How to Sprout Brown Rice


Brown rice is the lovely star of the health food community. It is naturally gluten-free, a whole grain, and thought to be one of the “cleanest” starch foods one can eat.

Unfortunately, like all whole grains, it contains anti-nutrients. These anti-nutrients may be hard on the human body but they are put there for a reason. These anti-nutrients protect the rice seed from early germination and destruction.

In order to neutralize these common anti-nutrients, which are found in all types of grain, legume, and nut seeds, you have a few options. Some choose to ferment rice, and allow the lactic acid to break down many of the anti-nutrients. Others prefer to soak the rice, which is a bit of a half-step to the sprouting method. The soaking of rice does not fully do the job of making the rice easier to digest.

Sprouting, on the other hand, can aid in the release of the nutrients in the grain as well as the neutralization of the anti-nutrients in the hull. Sprouting rice is fairly simple and can be done at home with equipment you probably have on hand. 

Choose any type of whole grain brown rice, from short- to long-grain or even a sweet or sushi-type rice.

To Sprout:

  1. Rinse brown rice in a sieve and place in a glass jar or bowl. Adddouble the volume of warm water, cover loosely with a towel to keep bugs out, and set aside in a warm area of the kitchen for about 12 hours.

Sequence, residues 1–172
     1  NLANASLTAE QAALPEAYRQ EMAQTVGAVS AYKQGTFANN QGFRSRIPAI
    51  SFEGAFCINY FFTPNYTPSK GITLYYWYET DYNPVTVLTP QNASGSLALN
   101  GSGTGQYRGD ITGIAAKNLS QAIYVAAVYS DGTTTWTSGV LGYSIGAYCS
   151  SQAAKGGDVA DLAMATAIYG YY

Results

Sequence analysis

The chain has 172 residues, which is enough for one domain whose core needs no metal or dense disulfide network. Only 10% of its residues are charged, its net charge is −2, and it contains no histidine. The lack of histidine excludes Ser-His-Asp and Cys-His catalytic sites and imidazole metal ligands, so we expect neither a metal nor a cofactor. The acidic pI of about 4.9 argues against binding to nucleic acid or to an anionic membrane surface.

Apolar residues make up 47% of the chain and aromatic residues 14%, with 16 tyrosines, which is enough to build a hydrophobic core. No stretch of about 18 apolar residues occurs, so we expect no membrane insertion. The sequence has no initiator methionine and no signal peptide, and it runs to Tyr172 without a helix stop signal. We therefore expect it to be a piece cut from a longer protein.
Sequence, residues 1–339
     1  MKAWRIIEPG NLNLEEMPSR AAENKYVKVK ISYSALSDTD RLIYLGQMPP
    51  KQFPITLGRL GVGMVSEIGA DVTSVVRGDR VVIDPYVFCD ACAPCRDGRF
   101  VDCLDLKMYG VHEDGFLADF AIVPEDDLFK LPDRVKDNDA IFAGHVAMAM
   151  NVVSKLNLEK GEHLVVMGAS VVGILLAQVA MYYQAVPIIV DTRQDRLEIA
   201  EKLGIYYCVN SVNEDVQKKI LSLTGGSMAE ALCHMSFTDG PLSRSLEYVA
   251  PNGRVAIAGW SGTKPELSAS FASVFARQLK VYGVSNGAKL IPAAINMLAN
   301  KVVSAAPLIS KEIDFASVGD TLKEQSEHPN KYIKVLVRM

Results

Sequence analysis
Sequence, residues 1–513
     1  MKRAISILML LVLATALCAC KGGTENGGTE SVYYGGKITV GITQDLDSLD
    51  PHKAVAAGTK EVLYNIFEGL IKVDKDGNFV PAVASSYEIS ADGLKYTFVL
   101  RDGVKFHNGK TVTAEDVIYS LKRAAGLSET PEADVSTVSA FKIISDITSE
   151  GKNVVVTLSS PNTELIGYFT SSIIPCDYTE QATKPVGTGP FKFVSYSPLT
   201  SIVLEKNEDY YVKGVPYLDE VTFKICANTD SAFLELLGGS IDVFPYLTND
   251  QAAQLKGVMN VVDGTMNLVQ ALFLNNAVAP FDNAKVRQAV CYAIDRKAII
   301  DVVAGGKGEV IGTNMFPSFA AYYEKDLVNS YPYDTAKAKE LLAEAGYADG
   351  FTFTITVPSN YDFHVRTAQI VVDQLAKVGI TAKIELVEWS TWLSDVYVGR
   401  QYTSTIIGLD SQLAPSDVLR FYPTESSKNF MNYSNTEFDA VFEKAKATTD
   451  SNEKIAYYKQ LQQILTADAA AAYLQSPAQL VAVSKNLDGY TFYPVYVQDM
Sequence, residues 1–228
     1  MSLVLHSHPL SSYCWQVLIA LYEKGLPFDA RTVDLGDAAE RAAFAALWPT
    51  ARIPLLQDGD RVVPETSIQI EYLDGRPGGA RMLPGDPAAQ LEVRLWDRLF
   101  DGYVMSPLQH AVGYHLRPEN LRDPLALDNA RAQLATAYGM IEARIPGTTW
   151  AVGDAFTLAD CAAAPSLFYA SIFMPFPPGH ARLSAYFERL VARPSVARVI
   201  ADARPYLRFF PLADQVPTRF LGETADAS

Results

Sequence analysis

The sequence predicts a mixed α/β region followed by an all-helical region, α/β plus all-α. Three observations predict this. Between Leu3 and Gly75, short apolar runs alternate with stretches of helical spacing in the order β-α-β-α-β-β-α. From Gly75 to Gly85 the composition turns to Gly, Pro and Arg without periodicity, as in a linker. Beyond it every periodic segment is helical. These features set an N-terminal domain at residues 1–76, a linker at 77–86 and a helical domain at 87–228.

2. Pour the rice back into the sieve and drain the soaking liquid. Rinse well with fresh water, and shake off excess moisture. 
  3. At this point you can return the rice to the vessel you soaked it in, cover it back up with water and repeat the draining-rinsing-soaking steps 2 to 3 times per day. Or, you can leave the rice in the sieve over a bowl, cover loosely with a towel, and repeat the rinsing and draining process 2 to 3 times per day.
  4. After 1 to 2 days you will begin to see a very tiny sprout emerge from the end of the grain of rice. This is the point at which you want to “harvest” your rice or cease the sprouting process. If the process continues and the sprout grows further you may affect the flavor of the rice. 
  5. After letting it drip dry, use right away or store in the refrigerator for several days. 
  6. When cooking sprouted rice take into account that the amount of water needed will be less than usual because the grains have already absorbed quite a bit of moisture. The cook time will also be shorter.


Ready to learn more?



Related Articles & Recipes:


Related Products:

Art of Gluten-free Sourdough Baking Book

The Art of Gluten-free Sourdough Baking Book by Sharon Kane

Water Kefir Grains Water Kefir Grains
Spelt Sprouted Flour Sprouted Flours

Free eBook Library Access & Weekly Newsletter

Sign up today for free access to our entire library of easy to follow eBooks on creating cultured foods at home, including Lacto-Fermentation, Kombucha, Kefir, Yogurt, Sourdough, and Cheesemaking.
  • Library of eBooks for making your own cultured foods
  • Weekly newsletter filled with tips & tricks
  • Expert advice articles, recipes, and how-to videos
  • Join 150,000+ other health-conscious readers
  • We never share your information!
first name last name email address